Actor Jimmy Stewart is loved for his extraordinary depth in both career and character. The film Harvey is a Stewart classic and my favorite among his lifework. As Elwood P. Dowd, he roams the town with Harvey, a six-foot tall invisible rabbit. When a psychiatric doctor inquires about the rabbit-friend, Elwood explains that mostly he and Harvey sit in bars and listen to stories. In that classic Stewart voice he says:
[People] tell us about the big terrible things they've done. And the big wonderful things they'll do. And their hopes, their regrets, their loves, and their hates-all very large-because nobody ever brings anything small into a bar. And then I introduce them to Harvey. And he's bigger and grander than anything they offer me. And when they leave, they leave impressed.
In the book of Isaiah, the prophet tells of an experience where he encountered the Lord as one far greater than anything he knew before. When he left, he was not merely impressed, he was overcome with awe. Writes Isaiah, "In the year that King Uzziah died, I saw the Lord sitting on a throne high and lofty, and the hem of his robe filled the temple" (Isaiah 6:1).
Isaiah's encounter with the grandeur of God is particularly interesting in light of the circumstances under which it took place. God appeared to Isaiah during a time of international crisis. The death of good King Uzziah took a king of 52 years off the very throne that brought a divided kingdom back to the life and prosperity it knew under David and Solomon. Isaiah was understandably defeated. It was all in the year of Uzziah's death that Isaiah saw the death of a good and able king, the rise of a wicked and selfish king, and the decline of the kingdom he loved.
Isaiah entered the temple with distress and loss, despair and confusion-all very large. And then, Isaiah says, he saw the Lord, and the hem of his robe filled the temple. The prophet had come to worship grieving a king and in the midst of his pain had an encounter with a throne of greater caliber. God's kingship was far bigger and grander than anything he had imagined.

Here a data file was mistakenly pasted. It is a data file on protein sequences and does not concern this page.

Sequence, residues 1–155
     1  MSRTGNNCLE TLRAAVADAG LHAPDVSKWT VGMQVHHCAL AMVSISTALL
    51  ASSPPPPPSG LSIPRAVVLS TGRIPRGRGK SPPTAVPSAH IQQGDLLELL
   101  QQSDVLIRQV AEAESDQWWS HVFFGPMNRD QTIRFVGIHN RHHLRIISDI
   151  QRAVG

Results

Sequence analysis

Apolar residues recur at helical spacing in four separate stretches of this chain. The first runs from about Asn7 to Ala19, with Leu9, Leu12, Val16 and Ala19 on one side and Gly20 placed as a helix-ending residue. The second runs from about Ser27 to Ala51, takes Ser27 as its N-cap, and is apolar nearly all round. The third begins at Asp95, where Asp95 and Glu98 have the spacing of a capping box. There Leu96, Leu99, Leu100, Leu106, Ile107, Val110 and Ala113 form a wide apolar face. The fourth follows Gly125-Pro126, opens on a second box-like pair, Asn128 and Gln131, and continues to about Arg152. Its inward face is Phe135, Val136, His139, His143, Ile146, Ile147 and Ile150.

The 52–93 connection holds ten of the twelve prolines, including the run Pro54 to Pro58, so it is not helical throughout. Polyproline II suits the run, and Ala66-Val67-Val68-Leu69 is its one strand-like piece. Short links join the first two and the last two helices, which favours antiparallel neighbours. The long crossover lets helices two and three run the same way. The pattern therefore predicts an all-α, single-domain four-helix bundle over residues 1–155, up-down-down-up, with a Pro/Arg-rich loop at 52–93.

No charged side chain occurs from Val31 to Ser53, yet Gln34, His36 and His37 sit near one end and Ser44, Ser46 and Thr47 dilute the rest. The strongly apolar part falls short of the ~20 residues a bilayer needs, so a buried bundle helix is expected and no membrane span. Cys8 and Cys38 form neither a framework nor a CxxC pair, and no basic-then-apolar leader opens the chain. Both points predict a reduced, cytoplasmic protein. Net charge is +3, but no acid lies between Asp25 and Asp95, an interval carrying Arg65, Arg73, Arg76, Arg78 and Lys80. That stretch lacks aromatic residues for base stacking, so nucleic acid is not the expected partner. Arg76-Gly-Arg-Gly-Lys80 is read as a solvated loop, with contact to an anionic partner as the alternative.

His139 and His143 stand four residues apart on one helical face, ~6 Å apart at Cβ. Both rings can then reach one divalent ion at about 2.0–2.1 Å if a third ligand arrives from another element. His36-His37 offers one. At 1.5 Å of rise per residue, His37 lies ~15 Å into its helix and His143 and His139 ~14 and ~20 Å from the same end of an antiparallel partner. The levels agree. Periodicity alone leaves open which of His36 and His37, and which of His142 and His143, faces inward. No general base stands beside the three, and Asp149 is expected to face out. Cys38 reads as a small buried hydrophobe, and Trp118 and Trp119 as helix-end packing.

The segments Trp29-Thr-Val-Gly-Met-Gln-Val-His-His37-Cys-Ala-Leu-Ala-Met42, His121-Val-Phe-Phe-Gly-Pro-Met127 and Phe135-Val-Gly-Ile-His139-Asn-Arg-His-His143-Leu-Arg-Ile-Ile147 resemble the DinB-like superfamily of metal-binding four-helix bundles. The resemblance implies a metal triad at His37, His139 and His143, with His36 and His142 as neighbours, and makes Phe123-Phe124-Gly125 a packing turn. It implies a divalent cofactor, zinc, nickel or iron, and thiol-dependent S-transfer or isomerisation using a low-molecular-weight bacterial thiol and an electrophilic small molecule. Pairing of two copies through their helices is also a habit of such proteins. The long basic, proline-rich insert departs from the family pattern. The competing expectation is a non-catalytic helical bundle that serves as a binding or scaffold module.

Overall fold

Whatever our circumstances, let us not hide from the one who offers to stand beside us and asks that we cast our cares upon Him. As a friend is fond of saying, worship is an encounter with one who is "always bigger than what's the matter." In the awe-inspiring presence of God our worries are put into perspective. Perhaps it is not that our anxieties are smaller than we perceive them, but that God Himself is far greater than we perceive Him. We have yet to see even a hem of the grandeur of his kingship. In the words of the psalmist, let us worship at his footstool, and leave impressed, for He is holy.
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A UNC class took their annual school trip to the Yellowstone National Park with a chaperon who was also their science professor at UNC. The Professor wishing to show her intelligence said to their guide, "Look at all those big rocks. Wherever did they come from?"
"The glaciers brought them down," said the guide.
"But where are the glaciers?"
"The glaciers," said the guide in a weary voice, "have gone back for more rocks."
..Toothaches always start on Friday night right before the weekend when the Dental Office will be closed.
*1925: World's first motel opened in California
In the California city of San Luis Obispo, by the side of the highway that runs along the Pacific coast, the Milestone Motel was opened. It was the first motel: a type of hotel designed specifically for motorists to stop for the night in the course of an automobile trip. Later renamed the Motel Inn, it is still doing business today.
California motel site, featuring the Motel Inn: http://www.sjsu.edu/faculty/wooda/motelcalifornia.html